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Citigroup finalized plans Wednesday to convert its US Treasury capital injection into common stock, a move that gives the government a major stake in the ailing banking group.
Citi said the conversion would affect a total of 58 billion dollars in preferred shares, including 25 billion from the US government and other investments from the government of Singapore and others.
The US government will have a 34 percent stake in Citi under the expanded conversion, Citi officials said. Existing shareholders would have their stake limited to 24 percent.
The move reorganizes Citi’s capital without adding new funds, but increases the so-called common equity which is considered more robust by banking regulators.
“Following completion of the exchange offers, Citi will be among the best capitalized banks in the world,” said Citi chief executive Vikram Pandit.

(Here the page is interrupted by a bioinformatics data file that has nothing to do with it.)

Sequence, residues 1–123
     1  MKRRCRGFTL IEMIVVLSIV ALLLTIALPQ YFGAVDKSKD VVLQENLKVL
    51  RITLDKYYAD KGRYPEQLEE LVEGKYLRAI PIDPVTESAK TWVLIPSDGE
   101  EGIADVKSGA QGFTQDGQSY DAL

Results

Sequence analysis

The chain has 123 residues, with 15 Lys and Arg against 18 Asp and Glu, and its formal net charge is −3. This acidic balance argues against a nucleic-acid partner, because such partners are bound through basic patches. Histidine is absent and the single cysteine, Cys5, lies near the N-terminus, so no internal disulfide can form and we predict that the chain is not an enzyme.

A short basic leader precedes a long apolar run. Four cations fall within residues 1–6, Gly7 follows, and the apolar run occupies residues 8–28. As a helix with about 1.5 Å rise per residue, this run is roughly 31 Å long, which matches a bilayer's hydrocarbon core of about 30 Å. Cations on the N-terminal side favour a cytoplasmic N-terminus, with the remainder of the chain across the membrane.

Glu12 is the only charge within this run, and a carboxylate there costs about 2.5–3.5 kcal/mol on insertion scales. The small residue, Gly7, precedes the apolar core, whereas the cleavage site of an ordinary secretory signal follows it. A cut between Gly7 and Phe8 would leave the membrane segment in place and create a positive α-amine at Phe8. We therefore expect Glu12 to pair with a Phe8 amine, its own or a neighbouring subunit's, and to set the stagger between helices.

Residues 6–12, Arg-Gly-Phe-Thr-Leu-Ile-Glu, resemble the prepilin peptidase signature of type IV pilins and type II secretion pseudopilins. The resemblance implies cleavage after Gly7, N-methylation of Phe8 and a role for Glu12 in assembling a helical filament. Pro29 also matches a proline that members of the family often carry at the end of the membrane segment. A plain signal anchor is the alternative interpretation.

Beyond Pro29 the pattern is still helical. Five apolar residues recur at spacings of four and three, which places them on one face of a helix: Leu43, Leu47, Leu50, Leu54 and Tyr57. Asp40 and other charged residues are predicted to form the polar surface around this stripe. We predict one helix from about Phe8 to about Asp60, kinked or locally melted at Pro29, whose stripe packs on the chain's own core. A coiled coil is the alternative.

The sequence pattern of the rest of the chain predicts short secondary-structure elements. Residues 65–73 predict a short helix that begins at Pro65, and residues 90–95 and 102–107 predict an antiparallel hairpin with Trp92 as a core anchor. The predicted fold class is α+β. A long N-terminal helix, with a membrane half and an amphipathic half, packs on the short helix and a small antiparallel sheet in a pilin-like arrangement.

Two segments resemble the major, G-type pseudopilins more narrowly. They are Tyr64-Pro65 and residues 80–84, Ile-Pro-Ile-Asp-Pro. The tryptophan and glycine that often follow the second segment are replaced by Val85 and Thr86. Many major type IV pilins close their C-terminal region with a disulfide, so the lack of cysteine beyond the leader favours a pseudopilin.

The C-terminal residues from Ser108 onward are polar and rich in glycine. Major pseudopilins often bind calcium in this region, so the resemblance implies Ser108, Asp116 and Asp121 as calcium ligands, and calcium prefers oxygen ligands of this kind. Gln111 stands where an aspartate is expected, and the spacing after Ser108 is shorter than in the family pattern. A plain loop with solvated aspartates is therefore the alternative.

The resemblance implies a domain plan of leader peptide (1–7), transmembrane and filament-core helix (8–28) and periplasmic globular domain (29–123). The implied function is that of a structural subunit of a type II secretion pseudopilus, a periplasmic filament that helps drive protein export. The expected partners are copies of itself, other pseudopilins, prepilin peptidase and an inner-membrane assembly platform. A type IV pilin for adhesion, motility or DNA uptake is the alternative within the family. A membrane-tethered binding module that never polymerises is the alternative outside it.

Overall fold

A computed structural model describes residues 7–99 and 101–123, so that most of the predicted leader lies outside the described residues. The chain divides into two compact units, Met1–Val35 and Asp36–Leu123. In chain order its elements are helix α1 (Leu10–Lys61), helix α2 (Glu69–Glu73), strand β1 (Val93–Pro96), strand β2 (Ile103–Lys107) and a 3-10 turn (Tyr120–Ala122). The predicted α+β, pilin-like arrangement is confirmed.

“Our employees have worked tirelessly to get Citi fit by taking control of our balance sheet and expenses. Their hard work has helped position the company to withstand a challenging market environment and to return to sustained profitability.
“We have the right strategy, the right structure and the right people. I’m confident that we will continue to make progress and that the strength of our franchise will be evident as the economy improves.”
The conversion does not call for more government funds but helps shore up the capital position of Citi, once the world’s biggest financial services firm which has received 45 billion dollars in bailout funds from the government.
The move avoids a feared nationalization of Citi, once the world’s biggest financial firms, but the conversion gives the government effective control as the bank’s largest shareholder.
The Government of Singapore Investment Corporation (GIC) and a Saudi prince were among the other investors converting to common stock.
The government moved to shore up the capital base of Citigroup amid market jitters over the strength of US banks saddled with possibly trillions of dollars of soured home mortgage securities.
The government has persistently rejected rumors that it wanted to nationalize banks although it had already taken effective control of several big enterprises such as insurance giant AIG on the verge of collapse amid the mortgage crisis, which triggered global financial turmoil.